This article originally appeared in the October 1989 issue of SPIN.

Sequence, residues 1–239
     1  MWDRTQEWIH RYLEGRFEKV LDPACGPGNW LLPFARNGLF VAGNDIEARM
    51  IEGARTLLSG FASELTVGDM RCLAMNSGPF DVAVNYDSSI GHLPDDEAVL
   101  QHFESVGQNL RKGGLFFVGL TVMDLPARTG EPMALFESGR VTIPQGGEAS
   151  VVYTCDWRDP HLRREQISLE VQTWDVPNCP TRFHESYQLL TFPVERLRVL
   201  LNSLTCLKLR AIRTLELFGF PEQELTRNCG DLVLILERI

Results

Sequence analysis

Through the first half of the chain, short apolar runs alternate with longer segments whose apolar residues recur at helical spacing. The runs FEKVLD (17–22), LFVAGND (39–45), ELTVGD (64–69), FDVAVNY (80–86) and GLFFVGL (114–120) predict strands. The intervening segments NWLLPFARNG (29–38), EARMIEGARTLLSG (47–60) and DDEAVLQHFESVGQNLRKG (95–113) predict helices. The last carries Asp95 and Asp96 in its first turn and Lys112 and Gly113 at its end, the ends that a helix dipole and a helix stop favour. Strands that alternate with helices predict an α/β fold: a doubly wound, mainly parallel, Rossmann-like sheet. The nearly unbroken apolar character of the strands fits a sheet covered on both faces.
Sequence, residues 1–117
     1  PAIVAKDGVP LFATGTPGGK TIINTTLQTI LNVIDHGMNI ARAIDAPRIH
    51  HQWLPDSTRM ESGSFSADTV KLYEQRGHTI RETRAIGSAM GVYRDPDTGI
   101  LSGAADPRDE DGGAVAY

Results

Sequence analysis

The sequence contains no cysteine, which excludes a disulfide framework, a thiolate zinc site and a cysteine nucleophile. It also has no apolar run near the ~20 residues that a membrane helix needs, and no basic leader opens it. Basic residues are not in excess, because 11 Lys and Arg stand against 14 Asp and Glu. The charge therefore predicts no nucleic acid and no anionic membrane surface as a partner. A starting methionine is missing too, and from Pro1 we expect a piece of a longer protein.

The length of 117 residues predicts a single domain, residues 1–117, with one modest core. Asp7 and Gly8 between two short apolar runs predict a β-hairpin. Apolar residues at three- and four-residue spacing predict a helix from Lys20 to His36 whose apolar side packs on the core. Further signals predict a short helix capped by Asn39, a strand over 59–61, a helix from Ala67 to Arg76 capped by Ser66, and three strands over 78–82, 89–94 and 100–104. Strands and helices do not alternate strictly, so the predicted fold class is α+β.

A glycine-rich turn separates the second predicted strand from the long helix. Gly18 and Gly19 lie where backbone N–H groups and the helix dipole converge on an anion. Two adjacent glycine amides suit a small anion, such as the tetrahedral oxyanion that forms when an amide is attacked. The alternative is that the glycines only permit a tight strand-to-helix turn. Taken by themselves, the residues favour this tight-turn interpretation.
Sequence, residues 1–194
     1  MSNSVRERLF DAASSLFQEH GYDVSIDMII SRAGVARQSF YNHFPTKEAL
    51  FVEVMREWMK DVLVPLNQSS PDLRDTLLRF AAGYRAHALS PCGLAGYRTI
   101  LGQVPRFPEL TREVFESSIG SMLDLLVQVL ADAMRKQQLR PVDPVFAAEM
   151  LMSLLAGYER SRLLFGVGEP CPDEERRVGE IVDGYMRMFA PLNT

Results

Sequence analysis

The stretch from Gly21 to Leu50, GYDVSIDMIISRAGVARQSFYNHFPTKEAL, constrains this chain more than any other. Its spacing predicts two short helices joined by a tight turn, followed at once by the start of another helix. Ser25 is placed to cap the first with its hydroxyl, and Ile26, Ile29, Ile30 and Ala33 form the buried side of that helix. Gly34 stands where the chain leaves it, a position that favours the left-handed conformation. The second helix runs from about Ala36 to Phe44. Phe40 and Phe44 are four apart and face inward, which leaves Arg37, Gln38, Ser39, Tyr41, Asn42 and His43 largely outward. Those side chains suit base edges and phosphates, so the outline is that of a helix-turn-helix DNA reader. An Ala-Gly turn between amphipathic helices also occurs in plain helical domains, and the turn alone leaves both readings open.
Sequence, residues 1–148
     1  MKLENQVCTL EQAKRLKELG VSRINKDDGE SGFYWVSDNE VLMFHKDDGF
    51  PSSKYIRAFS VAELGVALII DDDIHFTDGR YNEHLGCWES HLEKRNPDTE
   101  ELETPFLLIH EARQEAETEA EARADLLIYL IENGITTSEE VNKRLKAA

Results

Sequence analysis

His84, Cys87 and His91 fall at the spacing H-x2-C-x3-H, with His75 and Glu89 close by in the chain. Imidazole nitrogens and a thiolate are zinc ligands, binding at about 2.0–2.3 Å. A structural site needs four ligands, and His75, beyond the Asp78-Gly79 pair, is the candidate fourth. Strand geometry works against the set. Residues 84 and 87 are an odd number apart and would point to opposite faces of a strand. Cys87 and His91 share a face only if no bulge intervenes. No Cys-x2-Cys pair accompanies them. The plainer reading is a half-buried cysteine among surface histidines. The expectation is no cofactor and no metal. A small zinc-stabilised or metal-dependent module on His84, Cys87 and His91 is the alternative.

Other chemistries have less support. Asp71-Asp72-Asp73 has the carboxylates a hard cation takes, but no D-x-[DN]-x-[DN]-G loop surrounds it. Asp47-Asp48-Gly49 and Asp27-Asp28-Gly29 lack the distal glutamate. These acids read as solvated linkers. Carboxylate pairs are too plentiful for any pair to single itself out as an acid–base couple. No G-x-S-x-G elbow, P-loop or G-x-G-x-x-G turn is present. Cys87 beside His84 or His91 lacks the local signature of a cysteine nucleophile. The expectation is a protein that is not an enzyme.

He looks a lot more like his mother. He’s got Rita’s apple cheeks and dimples, and a flirtatious, almost girlish smile. No intimidating stares, no tough ras sass, no prophetic, heavy-lidded ganja nods. Still, you can’t help playing the Famous Son game, studying his face for traces of the father whose brooding, angular, saint-like portrait graces West Indian dwellings from Kingston to the United Kingdom. Meanwhile, this bright-eyed Jamaican 20-year-old dressed in sweats and snazzy athletic boots, a graduate of one of his country’s most rigorous preparatory schools, keeps a soccer ball bobbing at his feet. “Me is
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